7 Renewal of celebrity adoption

8 Historical trends in receiving countries - from Selman (2009a)

9 Major sending countries - from Selman (2009a) 1980-198919982006 KoreaChina IndiaRussia ColombiaVietnamGuatemala BrazilKoreaEthiopia Sri LankaColombiaKorea ChileIndiaColombia PhilippinesGuatemalaVietnam GuatemalaRomaniaHaiti PeruBrazilUkraine El SalvadorEthiopiaIndia

10 Standardised rates in receiving countries 2004 - from Selman (2009b) Number of adoptions Adoptions per 1000 live births Norway70612.8 Spain554112.4 Sweden110911.7 Denmark5288.4 Ireland3986.3 Netherlands13076.9 USA228845.5 France40795.5 Australia3701.5 UK3340.5

11 Standardised rates in sending countries 2004 - from Selman (2009b) Number of adoptions Adoptions per 1000 live births Guatemala 38578.8 Latvia 1145.4 Russia 74714.9 South Korea 21154.6 Ukraine 17054.4 Haiti 9133.6 Kazakhstan 8233.5 China 144930.84 India 8570.03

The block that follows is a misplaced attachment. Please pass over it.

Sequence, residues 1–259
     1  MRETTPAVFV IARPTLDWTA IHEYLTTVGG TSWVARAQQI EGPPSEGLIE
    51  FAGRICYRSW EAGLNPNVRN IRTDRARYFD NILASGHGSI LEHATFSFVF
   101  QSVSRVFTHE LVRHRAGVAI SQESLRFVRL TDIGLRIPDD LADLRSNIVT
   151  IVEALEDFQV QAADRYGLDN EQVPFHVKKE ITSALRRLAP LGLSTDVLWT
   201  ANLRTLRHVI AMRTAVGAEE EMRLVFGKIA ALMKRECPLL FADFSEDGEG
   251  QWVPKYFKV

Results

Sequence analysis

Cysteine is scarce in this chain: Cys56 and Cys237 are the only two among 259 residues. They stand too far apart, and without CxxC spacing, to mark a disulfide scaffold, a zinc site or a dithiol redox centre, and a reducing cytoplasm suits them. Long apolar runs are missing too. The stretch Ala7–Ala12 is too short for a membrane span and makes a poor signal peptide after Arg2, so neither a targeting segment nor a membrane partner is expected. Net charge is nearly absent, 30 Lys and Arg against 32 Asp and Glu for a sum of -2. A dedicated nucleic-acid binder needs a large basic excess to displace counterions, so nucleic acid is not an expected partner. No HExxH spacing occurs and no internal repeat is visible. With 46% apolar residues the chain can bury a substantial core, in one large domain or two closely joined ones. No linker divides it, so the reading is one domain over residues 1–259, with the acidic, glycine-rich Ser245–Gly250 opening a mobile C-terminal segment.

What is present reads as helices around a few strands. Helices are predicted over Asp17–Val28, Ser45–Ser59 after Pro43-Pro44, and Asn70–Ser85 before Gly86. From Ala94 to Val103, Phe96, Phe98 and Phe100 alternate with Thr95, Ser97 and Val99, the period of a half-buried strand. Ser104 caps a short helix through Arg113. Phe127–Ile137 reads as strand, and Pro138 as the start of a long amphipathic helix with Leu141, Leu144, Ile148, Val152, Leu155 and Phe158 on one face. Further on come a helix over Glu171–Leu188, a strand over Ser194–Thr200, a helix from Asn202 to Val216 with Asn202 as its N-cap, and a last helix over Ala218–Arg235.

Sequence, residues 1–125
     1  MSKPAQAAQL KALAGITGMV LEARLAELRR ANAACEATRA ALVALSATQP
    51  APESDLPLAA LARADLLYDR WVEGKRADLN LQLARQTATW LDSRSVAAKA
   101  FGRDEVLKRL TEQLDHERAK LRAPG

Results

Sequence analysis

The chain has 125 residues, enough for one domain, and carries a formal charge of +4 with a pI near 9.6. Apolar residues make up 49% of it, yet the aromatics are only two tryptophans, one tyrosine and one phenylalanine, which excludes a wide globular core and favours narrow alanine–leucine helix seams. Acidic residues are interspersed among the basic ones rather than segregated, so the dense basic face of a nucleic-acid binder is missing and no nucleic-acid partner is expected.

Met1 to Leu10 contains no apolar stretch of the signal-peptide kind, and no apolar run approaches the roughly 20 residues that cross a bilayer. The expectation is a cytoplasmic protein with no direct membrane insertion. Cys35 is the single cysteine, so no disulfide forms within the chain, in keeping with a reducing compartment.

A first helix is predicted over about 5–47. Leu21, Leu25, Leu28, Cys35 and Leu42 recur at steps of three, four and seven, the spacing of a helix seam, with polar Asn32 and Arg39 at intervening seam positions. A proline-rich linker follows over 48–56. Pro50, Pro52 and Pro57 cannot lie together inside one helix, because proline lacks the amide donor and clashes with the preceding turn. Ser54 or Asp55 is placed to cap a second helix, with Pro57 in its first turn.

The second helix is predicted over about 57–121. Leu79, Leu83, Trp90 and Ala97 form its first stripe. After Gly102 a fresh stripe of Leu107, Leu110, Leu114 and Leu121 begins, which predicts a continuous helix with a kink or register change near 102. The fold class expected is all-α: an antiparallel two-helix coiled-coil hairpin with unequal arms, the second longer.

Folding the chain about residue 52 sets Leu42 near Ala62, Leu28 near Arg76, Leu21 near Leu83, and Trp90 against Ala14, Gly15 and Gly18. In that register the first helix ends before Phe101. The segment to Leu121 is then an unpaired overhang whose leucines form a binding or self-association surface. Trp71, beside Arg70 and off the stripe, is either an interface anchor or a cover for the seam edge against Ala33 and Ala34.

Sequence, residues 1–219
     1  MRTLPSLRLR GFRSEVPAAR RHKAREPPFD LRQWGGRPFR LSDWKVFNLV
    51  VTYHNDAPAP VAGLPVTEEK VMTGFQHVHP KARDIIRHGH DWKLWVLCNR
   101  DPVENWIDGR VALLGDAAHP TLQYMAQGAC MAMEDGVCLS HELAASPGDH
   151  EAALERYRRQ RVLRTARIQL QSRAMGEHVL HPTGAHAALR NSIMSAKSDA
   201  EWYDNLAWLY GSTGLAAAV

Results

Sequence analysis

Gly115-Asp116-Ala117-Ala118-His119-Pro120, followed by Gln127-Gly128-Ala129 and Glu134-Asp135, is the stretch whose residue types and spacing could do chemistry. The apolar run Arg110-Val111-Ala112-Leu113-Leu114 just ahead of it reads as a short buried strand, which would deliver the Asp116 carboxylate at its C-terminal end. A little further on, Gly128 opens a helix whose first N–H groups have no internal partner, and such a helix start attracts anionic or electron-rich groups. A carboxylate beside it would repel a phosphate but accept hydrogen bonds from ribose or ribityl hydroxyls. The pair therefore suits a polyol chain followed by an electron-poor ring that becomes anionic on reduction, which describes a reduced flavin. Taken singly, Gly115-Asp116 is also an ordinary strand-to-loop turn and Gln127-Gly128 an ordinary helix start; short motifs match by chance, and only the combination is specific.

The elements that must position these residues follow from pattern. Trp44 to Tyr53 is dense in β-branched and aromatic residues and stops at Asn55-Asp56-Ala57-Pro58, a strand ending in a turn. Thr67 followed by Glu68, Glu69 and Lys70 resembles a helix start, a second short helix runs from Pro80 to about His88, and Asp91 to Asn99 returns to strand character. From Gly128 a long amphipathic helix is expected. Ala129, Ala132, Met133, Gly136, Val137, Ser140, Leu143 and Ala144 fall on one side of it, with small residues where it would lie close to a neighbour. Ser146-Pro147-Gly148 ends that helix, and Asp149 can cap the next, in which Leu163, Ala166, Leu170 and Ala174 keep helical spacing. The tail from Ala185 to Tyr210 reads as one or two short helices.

12 Adoption narratives love conquers all(?) – triumphs and doubts campaigners for justice birth parents in IA permanently invisible and silent (Wiley and Baden)

13 Perspectives on international adoption Masson – promoters, abolitionists and pragmatists child rescue v child trafficking judging success – adjustment and identity majority success and the troubled/troublesome minority - Hjern & Lindblad; Verhulst and Versluis-den Bieman; Hoksbergen they have undertaken a long journey to a new culture and class, and they have no return ticket (Dalen)

14 Identity and culture wars the politics of transracial adoption – overcoming barriers or cultural imperialism? feelings of belonging psychic homelessness (Hoksbergen) what is culture and does it matter? culture and family background and country and decorations and songs, all that is fine; but the mother, no Stjerna